Secretive space plane back in orbit: US Air Force

Secretive space plane back in orbit: US Air Force
An Atlas V rocket carrying the X-37B space plane launches the AFSPC-5 mission from Cape Canaveral Air Force Station, Florida.

WASHINGTON - The US Air Force launched its robotic space plane into orbit for a fourth flight on Wednesday aboard an Atlas 5 rocket, in a mission aimed at testing a new engine to steer satellites, officials said.

The rocket carrying the X-37B successfully lifted off from Cape Canaveral, Florida and officials said the scheduled return of the unmanned plane had yet to be determined.

The mini-shuttle has been shrouded in secrecy and military officers have refused to discuss its purpose. But defence experts have speculated it might be meant for spying from space, fixing broken satellites or even as a space "bomber."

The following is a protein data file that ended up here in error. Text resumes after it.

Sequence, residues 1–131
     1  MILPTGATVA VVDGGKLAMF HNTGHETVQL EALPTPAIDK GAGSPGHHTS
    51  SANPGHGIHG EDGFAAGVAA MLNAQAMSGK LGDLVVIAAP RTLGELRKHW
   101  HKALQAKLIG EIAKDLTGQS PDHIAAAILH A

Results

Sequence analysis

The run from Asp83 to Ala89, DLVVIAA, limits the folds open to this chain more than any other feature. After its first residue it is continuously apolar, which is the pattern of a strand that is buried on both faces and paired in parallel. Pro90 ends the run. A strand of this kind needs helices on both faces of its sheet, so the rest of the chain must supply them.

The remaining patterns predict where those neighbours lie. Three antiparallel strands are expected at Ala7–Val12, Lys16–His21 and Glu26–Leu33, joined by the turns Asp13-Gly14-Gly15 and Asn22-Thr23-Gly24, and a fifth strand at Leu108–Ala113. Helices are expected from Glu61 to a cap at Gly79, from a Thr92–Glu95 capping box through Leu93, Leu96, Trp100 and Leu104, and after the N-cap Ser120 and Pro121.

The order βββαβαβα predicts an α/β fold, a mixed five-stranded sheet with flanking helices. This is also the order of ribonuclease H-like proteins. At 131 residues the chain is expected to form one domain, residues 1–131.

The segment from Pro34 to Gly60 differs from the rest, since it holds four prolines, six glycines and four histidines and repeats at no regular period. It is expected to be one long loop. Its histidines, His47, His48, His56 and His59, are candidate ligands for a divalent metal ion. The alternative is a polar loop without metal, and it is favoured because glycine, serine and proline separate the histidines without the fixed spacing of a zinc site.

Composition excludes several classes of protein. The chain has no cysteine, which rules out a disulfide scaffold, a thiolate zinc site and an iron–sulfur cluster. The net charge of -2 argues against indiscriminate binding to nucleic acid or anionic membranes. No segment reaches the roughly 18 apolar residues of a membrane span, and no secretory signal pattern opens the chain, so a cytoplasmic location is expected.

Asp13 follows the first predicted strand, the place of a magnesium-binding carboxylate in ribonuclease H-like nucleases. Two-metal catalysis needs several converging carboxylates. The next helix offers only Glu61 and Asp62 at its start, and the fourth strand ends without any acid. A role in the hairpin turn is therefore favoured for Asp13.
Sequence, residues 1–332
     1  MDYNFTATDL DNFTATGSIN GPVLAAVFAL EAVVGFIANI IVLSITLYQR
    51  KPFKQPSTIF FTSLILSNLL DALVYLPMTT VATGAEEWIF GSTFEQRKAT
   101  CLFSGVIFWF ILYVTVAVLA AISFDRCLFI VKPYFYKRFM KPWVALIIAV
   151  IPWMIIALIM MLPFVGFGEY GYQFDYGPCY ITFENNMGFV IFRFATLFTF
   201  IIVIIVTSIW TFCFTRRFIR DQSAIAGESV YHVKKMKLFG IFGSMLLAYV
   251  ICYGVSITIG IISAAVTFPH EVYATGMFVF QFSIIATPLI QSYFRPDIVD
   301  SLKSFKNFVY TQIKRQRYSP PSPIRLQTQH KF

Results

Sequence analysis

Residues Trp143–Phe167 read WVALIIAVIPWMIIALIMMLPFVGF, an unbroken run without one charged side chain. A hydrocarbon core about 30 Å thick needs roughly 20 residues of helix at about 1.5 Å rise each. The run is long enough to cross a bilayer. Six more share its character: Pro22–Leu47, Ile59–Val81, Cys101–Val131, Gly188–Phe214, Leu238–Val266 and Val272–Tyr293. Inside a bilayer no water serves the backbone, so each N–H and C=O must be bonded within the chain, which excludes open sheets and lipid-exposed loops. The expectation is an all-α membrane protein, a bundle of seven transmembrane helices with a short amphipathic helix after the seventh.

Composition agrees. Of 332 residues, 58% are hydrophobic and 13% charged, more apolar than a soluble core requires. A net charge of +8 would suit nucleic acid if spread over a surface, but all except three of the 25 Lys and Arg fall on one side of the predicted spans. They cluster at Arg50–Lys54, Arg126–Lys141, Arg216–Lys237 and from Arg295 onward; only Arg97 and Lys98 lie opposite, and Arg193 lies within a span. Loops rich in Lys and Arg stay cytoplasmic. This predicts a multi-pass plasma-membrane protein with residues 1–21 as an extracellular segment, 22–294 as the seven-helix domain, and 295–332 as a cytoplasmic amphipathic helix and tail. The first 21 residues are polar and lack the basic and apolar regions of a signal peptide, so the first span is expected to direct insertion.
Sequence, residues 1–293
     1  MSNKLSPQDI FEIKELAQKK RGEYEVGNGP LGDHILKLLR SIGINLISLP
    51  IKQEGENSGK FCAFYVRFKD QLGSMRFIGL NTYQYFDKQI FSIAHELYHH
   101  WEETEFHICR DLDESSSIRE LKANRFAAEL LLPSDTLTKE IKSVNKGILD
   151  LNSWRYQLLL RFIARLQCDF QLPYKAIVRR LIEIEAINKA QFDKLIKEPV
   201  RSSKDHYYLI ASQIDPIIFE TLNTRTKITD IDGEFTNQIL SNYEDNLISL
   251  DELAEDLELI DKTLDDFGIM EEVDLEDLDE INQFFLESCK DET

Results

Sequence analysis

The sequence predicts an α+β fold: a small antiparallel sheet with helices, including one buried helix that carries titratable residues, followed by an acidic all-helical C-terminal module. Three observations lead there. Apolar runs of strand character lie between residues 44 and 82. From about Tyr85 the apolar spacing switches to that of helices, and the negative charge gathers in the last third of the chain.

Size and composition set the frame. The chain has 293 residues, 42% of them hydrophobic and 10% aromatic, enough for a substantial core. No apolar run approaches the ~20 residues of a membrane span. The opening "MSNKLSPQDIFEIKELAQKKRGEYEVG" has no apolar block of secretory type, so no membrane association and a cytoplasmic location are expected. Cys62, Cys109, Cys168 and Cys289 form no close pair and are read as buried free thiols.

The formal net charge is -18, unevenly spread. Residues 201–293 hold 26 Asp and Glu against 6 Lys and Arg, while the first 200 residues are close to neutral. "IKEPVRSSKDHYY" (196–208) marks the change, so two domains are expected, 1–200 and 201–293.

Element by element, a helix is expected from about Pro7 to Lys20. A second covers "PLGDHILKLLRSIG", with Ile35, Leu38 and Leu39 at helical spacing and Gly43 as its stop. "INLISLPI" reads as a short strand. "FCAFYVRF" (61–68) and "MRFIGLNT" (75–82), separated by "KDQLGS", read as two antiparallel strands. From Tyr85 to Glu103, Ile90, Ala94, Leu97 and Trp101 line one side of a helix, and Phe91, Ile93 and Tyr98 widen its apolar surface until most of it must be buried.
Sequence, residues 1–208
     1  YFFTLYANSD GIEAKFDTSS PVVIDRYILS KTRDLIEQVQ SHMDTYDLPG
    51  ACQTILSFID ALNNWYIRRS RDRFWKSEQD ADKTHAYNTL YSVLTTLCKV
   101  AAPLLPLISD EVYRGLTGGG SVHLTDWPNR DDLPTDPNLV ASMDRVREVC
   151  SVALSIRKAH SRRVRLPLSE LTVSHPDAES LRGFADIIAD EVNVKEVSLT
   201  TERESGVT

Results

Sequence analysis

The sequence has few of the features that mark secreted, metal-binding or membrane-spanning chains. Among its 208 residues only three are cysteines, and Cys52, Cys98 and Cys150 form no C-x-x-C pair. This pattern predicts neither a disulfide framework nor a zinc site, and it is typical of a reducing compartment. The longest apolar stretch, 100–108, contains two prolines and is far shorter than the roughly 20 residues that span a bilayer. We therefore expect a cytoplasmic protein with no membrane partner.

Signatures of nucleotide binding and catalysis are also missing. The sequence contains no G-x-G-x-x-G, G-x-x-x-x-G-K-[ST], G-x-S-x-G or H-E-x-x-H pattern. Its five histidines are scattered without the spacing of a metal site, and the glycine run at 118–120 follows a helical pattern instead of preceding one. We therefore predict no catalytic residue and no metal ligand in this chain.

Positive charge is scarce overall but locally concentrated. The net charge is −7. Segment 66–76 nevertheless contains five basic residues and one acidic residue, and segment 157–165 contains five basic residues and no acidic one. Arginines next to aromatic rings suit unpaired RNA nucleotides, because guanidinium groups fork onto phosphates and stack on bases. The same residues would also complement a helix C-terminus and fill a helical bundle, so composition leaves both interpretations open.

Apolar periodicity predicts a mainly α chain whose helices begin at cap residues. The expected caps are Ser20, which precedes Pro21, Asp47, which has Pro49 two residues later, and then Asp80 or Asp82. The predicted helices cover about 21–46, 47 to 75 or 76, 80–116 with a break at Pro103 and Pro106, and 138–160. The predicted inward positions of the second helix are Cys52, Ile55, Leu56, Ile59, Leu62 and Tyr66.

Captain Chris Hoyler, a spokesman for the US Air Force, told AFP the latest flight was part of efforts looking at the "technical parameters for an affordable, reusable space vehicle."

The X-37B will be testing a new orbital "thruster system" -- which uses electricity and xenon -- that could be employed to manoeuvre satellites in space, officials said.

Asked if the plane could be used for surveillance, Hoyler declined to comment.

The X-37B payload also includes a NASA experiment, which will study how a range of materials can endure conditions in space. The results could help scientists working on the possible design of future spacecraft.

The last mission for the X-37B in 2014 extended over 674 days but officials never said what the plane was up to.

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